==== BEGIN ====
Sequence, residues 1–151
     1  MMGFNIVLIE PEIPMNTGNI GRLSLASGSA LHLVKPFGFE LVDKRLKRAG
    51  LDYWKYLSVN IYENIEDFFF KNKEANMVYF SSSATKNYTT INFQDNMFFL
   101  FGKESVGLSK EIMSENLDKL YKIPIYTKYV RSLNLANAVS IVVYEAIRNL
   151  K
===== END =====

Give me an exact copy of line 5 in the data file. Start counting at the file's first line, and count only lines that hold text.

   151  K